In the new national highway numbering, Kalka-Shimla road is part of NH-5. “The highway connecting Firozepur, Moga, Jagraon, Ludhiana, Kharar in the State of Punjab, Chandigarh, Kalka in Haryana, Solan, Shimla, Theog, Narkanda, Rampur, Chini and proceeding to the Border between India and Tibet near Shipkila in the State of Himachal Pradesh.” This is the definition of NH-5. If you have travelled to Shimla and are not attached to the toy train (and now airlines), you will have done this 90 km stretch by road. After the Anglo-Nepalese War of 1814-16 and the Sugauli Treaty, Shimla passed to the East India Company. Shimla became the summer capital in 1864 (decision was taken in 1863). Therefore, twice a year, the government machinery shuttled back and forth, between Calcutta and Shimla. The Kalka-Shimla Railway was triggered by the need to have better connectivity between Shimla and the rest of the country, via Kalka. The oldest major train that still runs in India is Kalka Mail. At one point, this had pride of place. The old numbering system of trains reflected this. Kalka Mail used to be 1 UP and 2 Down. In 1866, it started as “East Indian Railway Mail” between Calcutta and Delhi and was then extended to Kalka in 1891.
But Kalka-Shimla road predated the summer capital decision. In 1888-89, there was a District Gazetteer for Simla (as it was then spelt). This said, “The Grand Trunk Road from Kalka to Simla is practicable for carts and traffic of every description. The gradients are easy, and the dak bungalows are completely furnished and provided with servants. The old road is practicable only for jhampans, ponies and coolies, and the road is very steep in many places. The Hindustan and Thibet road commences from Simla and extends as far as Karin Khad, six miles beyond Chini in Bashahr territory -- distance 166 miles altogether.” To make it explicit, there was the old road and there was Grand Trunk Road. “The roads from Kalka to Simla are two in number: (1) The old road, via Kasauli and Sabathu; passable by foot passengers, horses, mules, ponies, or cattle, but not intended for wheeled conveyances... (2) The new cart road which takes a more circuitous route, via Dagslaai and Solan.” The distance via (1) is given as 41 miles, that via (2) as 57 and a half miles. Along (2), “In the season of 1874, two-wheeled carriages, called tongas, similar to those in use in the Central Provinces, were started upon this line for the conveyance of passengers. By these carts the journey is performed in about eight hours.” Today, on the Kalka-Shimla drive along NH-5 (aka Grant Trunk Road or new cart road), you are likely to take just over 3 hours. With the ongoing widening of the highway, it is hard to imagine tongas.
Road to Simla from Kalka | Photo: Wikimedia Commons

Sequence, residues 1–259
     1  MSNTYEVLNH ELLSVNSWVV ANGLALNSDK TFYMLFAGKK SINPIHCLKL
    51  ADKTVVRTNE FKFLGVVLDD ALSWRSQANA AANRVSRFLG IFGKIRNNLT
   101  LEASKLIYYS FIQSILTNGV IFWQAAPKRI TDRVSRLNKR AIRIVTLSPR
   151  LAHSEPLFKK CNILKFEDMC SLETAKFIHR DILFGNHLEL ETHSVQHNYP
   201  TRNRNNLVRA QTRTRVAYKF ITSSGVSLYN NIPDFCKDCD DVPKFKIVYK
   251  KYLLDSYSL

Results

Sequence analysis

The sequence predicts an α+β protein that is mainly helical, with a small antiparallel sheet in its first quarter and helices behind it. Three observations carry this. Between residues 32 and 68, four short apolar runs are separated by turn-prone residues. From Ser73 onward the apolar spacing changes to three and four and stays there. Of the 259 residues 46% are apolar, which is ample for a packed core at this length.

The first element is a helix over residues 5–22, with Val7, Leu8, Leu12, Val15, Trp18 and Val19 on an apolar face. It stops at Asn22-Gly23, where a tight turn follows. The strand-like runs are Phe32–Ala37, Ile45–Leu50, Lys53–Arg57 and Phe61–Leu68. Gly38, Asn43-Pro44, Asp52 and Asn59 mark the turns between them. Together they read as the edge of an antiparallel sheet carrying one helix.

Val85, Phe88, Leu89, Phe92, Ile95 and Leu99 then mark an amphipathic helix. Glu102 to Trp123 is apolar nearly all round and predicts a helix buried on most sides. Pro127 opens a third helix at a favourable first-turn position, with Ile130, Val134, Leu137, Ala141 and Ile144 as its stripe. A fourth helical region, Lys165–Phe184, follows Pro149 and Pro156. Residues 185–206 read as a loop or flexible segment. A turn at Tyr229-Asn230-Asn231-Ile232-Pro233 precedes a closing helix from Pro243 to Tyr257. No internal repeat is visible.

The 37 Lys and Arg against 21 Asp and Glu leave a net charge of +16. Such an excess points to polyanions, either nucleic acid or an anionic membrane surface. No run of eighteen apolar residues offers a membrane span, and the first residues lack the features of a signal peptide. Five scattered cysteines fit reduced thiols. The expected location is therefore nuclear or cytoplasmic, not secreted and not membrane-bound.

There is an interesting 1857 House of Commons document, titled, “Minutes and correspondence in reference to the project of the Hindostan and Thibet road, with reports of Major Kennedy and Lieutenant Briggs relating thereto”. There were multiple reasons for building this road – possible trade ties with Tibet, strategic cum defence reasons, connectivity to hill stations. (It now seems odd that a lot of the interest in trade was because of pashmina.) A letter written to the Governor General (Dalhousie) in 1853 said, “The plan for the construction of this road was regarded by us with great interest when it first came under our notice. Not only did we warmly approve of the Governor-general’s object of putting an end to the “Begaree system”, by the formation of that portion of the line lying between Kalka and Simla, and look with interest to the political and commercial advantages likely to result from the opening of a line with communication with Thibet by way of Chini, but we regard as highly important the question raised by Major Kennedy, when he laid out the line, namely, the possibility of constructing, through such a region as the Himalayas, a road which, while formed on correct and scientific principles, might yet be executed at moderate cost.”
This quote is odd. Begar was a system of indentured labour. Irrespective of what this quote says, in and around hill stations, the British used a fair amount of such labour, including in building initial stretches of Hindustan-Tibet road, such as the Kalka-Shimla stretch. If costs were moderate, it was also because of this. That same letter states, “By the aid of the tribute labour due by the hill chiefs, the road of 12 feet in width has cost only 1,237 rupees a mile, and the road of six feet 690 rupees.'' There is a book (1870) by Edward Buck, titled Simla, Past and Present. For a tunnel (on the road) construction, this mentions use of 10,000 prisoners and 8,000 “free” labourers.
The author is chairman, Economic Advisory Council to the Prime Minister.
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